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Our View: Even the UN doesn’t seem to be in a hurry to resume talks

File photo: UNSG special envoy on Cyprus, Jane Holl Lute (Christos Theodorides)

JANE Holl Lute, the envoy of the UN Secretary-General has left Cyprus and will be back towards the end of January or early February to carry on her meetings with the two leaders in what is increasingly looking like a futile attempt to get agreement on terms of reference that would supposedly lead to a resumption of the talks. Her mission is reminiscent of the old Cyprus problem circus, when envoys would keep visiting in an effort to get negotiations started, but get nowhere, because one of the two sides played hardball.

At least, back then, the envoys would hold news conferences and inform us about the difficulties they were encountering. Lute has adopted a completely different approach, saying nothing to the press after her meetings. According to some press reports, she says very little in her meetings with the two leaders as well, restricting herself to taking notes about the views she hears. The spokesmen of both leaders described her meetings as positive and constructive, which is no surprise, considering she is happy to record the views of Akinci and Anastasiades.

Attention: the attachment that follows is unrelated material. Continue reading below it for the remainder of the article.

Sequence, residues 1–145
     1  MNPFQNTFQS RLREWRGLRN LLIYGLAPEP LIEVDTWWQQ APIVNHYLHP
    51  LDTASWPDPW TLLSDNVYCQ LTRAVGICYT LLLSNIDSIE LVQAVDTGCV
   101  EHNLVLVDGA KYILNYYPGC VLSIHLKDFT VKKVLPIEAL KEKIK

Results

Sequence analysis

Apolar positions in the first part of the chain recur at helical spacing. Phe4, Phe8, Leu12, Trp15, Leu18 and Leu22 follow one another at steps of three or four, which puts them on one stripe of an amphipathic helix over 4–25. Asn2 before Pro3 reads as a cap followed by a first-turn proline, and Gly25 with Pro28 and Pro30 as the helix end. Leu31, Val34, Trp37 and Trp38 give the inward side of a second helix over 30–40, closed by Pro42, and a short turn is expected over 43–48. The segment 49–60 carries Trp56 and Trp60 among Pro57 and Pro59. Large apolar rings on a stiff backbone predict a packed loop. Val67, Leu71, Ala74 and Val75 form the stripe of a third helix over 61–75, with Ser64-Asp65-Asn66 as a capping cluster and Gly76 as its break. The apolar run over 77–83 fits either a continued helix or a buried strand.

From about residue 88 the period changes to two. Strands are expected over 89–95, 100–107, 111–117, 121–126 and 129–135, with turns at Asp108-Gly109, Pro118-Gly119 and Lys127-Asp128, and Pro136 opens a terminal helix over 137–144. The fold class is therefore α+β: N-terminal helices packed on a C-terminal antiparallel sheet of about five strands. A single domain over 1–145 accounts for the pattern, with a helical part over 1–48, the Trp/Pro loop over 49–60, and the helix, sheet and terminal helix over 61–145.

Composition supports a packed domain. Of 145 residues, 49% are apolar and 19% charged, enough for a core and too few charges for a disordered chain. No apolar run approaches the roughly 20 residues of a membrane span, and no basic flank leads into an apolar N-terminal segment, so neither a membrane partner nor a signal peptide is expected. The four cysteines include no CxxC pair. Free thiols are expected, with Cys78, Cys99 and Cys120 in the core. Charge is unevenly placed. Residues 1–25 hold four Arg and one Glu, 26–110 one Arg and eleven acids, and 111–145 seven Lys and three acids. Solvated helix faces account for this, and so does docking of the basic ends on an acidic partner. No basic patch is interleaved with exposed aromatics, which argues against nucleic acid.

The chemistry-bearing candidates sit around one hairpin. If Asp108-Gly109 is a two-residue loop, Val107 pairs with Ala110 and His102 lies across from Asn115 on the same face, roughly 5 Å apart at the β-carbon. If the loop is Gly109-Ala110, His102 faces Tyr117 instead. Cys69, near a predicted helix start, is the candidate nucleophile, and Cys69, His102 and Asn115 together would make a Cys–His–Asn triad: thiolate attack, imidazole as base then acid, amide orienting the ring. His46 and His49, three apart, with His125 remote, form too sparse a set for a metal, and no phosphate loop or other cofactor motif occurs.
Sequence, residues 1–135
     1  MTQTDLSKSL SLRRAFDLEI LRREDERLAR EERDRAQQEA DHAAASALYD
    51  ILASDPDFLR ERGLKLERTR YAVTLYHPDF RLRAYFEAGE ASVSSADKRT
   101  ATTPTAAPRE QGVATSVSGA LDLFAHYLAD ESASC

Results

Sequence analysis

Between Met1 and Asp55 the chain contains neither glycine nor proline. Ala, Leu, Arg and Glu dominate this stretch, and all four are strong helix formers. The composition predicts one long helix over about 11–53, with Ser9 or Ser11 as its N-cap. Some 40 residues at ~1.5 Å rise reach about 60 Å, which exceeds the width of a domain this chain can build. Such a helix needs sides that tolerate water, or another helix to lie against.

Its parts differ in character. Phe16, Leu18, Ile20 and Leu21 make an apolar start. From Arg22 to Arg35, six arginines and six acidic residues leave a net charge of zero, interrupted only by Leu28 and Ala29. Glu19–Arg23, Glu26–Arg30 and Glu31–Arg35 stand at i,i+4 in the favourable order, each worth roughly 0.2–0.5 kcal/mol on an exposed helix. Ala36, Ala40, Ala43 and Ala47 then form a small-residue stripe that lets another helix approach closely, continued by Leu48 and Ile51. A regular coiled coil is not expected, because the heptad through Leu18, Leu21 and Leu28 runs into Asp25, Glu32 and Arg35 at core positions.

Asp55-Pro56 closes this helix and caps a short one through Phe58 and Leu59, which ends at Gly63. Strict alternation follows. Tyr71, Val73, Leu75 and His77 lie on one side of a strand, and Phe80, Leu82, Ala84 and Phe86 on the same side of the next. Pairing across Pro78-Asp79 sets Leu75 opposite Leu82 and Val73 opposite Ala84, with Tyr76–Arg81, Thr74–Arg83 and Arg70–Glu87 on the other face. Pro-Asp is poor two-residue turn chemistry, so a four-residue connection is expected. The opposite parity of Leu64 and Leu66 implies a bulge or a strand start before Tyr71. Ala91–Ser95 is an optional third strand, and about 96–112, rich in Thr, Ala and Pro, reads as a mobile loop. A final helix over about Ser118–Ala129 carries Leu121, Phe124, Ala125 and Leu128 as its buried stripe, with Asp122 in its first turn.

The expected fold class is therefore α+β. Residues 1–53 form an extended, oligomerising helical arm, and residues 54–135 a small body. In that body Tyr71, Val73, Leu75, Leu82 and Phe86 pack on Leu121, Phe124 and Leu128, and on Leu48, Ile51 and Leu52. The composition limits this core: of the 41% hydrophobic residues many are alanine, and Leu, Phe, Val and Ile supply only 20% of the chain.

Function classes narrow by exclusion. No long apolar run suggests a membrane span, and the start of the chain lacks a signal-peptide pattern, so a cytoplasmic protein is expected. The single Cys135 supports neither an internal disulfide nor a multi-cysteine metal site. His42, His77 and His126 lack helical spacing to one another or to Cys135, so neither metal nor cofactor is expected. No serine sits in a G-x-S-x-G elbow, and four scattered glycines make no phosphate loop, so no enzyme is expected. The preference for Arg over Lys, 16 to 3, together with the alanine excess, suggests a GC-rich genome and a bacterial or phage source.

This slow-moving process is exactly what Anastasiades wanted. Not only does he not have to make any tough choices, but his oft-repeated position that there must be good preparation for any new talks has been embraced by the UNSG’s envoy who is taking her time. As one newspaper analyst wrote on Wednesday, “she has opted not set any time-frames and leaves long time periods between her visits, choosing to follow a slow path towards the talks.” The question of whether this slow path would ever lead to any talks is a moot point.

This will suit Anastasiades perfectly. Not only has he silenced his pro-settlement critics by engaging in a process, supposedly aimed at the resumption of the talks, but he is also keeping the hardliners quiet by keeping the process ticking over without committing to anything. The exploratory process could also be beneficial in that it might prevent the UN Security Council reviewing the presence of Unficyp, which is scheduled for next month. The review could be put back another six months, considering there is an attempt to resume talks.

Both sides are playing along, content to engage in Lute’s drive to draft the terms of reference for the new talks, and neither seems in a big hurry to see a result. If the UN Secretary-General Antonio Guterres wanted proof that the two leaders were not committed to new UN-sponsored peace drive it has been provided but it seem even the UN is content to keep things ticking over without going anywhere.

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